Wednesday, December 28, 2011

Oil Shale Kerogen Prospects in Morroco

Massive deposits of oil shale kerogens exist in the US, Jordan, Israel, and several other nations. Morocco is beginning to take a look at ways that it can capitalise on its own deposits of oil shale kerogens.
TheDominion Moroccan Oil Shale

Morocco, like Jordan and Israel, is moving towards using the most carbon intensive fuel base on earth. This move is supported by present, and projected, oil prices that make synthetic crude from oil shale profitable on a near permanent basis. Technology has become cheaper while the price of oil has gone up dramatically. Recent industry estimates indicate that oil can now be extracted from shale for approximately US$40 per barrel, while the average price at an American pump is US$94 per barrel.

With global oil demand slated to grow, Morocco is set to become an unconventional oil producer through mining oil shale and converting it to mock crude oil in a fashion similar to Canadian tar sands development, but borrowing on shale technology from Brazil. Morocco also has contracts to use Estonian technology to mine and burn oil shale directly for domestic electricity.

Estonia is one of a few countries in the world that has ongoing oil shale currently in operation. The Tangier deposit of oil shale in the north of Morocco is likely to see Eesti Energy-owned Enefit of Estonia work to mine this shale directly for domestic electricity generation, which would treat the kerogen shale more like a cousin of coal rather than an ancestor of oil.

Petrobras, the Brazilian state-owned oil company, has developed a technique of extracting oil as well as gas from oil shale, and has been involved in this process commercially since the early 1980s. A partnership between Petrobras and TOTAL energy of France has been developing towards shale-to-oil mining at the Timahdit deposit, a deposit much larger than Tangier, approximately 240 kilometres southeast of Rabat, Morocco’s capital. Petrobras would be the main operator of the Timahdit mine, but both world energy majors will share the costs and profits. _ExtremeExtraction

The above article goes on to point out a few of the environmental problems with a large scale development of shale oil extraction in Morroco. The world kerogen resource is not yet ready for modern development -- at least not in ways that would satisfy modern environmental lobbies -- particularly in the US.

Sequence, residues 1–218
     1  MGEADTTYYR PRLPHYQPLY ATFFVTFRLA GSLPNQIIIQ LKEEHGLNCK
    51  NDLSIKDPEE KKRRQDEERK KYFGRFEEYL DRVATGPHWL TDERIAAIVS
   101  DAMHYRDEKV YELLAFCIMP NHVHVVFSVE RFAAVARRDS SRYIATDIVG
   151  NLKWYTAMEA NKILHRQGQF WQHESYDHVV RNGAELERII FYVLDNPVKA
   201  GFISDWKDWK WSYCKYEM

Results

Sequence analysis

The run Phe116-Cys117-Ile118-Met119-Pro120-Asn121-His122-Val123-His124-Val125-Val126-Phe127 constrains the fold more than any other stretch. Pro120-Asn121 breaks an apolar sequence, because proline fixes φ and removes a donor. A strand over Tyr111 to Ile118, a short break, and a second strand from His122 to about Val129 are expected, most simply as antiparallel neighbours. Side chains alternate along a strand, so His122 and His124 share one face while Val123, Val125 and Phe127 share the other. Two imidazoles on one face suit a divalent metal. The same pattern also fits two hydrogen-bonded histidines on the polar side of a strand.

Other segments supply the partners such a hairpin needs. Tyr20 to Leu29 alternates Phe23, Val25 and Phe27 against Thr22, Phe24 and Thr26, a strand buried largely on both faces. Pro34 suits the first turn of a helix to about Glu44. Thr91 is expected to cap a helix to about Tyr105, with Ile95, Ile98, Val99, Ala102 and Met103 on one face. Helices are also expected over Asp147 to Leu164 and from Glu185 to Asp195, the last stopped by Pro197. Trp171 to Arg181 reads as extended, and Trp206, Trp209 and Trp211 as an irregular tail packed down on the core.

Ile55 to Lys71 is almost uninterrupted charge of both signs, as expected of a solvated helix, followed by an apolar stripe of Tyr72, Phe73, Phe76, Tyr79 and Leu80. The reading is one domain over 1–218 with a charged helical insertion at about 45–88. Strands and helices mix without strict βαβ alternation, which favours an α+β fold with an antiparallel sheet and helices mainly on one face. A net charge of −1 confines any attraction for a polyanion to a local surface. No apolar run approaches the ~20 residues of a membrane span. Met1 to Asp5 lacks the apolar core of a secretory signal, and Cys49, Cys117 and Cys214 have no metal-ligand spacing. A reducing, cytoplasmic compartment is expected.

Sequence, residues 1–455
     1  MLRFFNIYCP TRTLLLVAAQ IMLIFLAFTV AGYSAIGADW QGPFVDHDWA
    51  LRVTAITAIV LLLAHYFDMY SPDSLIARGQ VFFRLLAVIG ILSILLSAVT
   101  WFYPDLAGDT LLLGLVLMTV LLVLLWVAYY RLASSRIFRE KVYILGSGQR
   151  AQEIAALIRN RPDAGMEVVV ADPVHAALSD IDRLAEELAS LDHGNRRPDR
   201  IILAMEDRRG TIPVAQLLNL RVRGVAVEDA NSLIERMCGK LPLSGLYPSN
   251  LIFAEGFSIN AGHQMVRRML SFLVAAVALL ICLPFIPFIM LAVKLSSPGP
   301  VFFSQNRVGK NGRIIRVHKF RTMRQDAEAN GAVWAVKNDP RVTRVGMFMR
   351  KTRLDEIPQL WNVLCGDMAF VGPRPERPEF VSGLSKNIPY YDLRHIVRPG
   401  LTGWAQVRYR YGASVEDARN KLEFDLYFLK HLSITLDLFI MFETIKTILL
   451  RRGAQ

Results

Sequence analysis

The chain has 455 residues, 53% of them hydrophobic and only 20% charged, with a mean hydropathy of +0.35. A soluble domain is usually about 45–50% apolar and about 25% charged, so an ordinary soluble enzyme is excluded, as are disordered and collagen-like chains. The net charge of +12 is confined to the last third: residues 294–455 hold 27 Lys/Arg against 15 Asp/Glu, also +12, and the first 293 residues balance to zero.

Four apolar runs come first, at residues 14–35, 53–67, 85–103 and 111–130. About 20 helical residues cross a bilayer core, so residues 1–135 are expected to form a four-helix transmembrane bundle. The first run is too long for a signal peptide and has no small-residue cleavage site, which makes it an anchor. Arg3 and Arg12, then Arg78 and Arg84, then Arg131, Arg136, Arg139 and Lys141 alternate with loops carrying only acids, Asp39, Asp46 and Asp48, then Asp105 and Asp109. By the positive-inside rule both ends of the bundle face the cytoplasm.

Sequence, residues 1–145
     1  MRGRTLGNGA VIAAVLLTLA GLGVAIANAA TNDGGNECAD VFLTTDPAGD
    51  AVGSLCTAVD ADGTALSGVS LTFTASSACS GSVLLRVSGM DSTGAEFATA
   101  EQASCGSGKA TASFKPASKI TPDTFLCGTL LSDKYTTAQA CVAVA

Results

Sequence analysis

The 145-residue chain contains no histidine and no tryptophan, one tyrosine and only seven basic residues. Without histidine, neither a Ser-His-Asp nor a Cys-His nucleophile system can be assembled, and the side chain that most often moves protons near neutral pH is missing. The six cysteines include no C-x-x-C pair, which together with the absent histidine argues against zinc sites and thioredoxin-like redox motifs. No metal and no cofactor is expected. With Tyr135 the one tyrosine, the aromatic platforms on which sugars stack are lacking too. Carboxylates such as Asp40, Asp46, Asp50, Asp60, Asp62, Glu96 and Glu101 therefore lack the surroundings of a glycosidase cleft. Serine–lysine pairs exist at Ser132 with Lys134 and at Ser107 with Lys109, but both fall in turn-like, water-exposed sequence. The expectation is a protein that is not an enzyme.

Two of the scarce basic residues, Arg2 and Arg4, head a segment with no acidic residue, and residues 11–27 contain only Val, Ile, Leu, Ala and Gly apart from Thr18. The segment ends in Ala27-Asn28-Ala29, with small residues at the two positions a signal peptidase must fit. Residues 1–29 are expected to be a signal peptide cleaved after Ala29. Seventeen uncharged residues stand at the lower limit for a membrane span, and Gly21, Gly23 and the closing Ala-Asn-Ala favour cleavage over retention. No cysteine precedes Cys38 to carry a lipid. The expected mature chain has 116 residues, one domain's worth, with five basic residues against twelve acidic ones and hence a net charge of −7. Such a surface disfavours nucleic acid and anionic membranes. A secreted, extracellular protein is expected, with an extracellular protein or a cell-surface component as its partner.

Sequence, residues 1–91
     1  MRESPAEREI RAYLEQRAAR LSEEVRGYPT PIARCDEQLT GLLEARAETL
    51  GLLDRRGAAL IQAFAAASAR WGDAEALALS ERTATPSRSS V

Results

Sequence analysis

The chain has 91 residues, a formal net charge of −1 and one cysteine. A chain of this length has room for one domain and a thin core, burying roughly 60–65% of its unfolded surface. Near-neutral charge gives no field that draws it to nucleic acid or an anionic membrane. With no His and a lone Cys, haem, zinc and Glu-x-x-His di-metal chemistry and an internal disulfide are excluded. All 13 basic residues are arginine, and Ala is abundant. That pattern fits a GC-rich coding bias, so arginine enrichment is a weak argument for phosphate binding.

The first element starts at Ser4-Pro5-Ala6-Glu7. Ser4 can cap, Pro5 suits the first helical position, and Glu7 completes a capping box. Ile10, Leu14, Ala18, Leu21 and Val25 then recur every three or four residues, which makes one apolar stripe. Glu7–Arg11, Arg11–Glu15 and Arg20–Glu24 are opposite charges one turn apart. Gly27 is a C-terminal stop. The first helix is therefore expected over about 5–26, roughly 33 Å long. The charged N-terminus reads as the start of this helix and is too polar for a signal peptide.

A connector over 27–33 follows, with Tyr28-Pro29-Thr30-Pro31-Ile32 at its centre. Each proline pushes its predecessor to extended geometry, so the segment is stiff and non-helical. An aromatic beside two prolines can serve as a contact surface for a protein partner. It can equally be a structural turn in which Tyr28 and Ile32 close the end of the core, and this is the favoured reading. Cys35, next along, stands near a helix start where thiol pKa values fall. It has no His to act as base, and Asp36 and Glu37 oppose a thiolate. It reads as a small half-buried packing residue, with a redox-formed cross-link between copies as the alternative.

And yet if environmental lobbies continue trying to block and prohibit the development of all forms of reliable large-scale energy and fuels, eventually they are likely to be lined up against a wall and shot. The reason for this is that civilisation cannot exist without energy, and if the only forms of large-scale reliable energy happen to be objectionable to the big money environmental lobbies, popular opinion will eventually swing violently against these special interests -- which too often only pretend to be concerned about the environment, being in reality more often concerned with their own power, wealth, and influence.

Here is a broader look at some of the replacements for crude oil, including kerogens:
Shale is a type of sedimentary rock rich in organic matter. Deposits of shale often contain kerogen, a set of organic compounds from which petroleum (oil and natural gas) can be extracted through a series of chemical processes. Extraction of oil from shale had been the standard way of extracting oil for centuries, with British patents granted for extraction of oil in this way going back as far as the 16th century. Oil from shale came to an abrupt end when liquid oil started gushing from wells in the continental United States. Rising demand for petroleum products and significant deposits of oil and natural gas in shale has led oil companies the world over, from the US to India, to start investing in technologies to make possible its extraction. So much so, that shale gas is slated to form a major portion of the natural gas produced in the US. In India too, companies such as Reliance, Reliance Natural Resources and ONGC are preparing to invest in shale gas exploration in a big way, with large deposits found in the Cambay Basin in Gujarat, the Gondwana Basin in Central India and the Assam-Arakan basin in eastern India.

...Technically, bitumen is a highly viscous form of petroleum. Rising prices of oil in the international market have made bitumen an unlikely, yet promising, source. So much so that even within this most conventional of energy sources, extraction of petroleum from bitumen is termed as unconventional oil.

Canada and Venezuela are especially well endowed with large reserves of oil sands. Located beneath boreal forests, the Canadian deposits are the world’s most extensive and are supposed to contain a potential 170 billion barrels of oil, larger than the total reserves of Saudi Arabia.

... _Drilling for Dummies by a Dummy
Shale gas to liquids and coal to liquids are yet two more large-scale sources for crude oil replacements for the future. All of these approaches to peak oil substitution are made more viable by the use of process heat from gas-cooled gen III nuclear reactors.

One sign of hope that some of the environmental special interests may be developing a small bit of pragmatism, is the growing number of self-labeled environmentalists who are publicly coming out for new, safe, advanced, nuclear power. While their backing of nuclear power may be caused by a delusional carbon hysteria, it is welcome all the same.

If only more of the whining obstructionists would learn to solve problems, rather than creating or exaggerating them, they might be taken more seriously by the people who actively prop up the infrastructure of civilisation.



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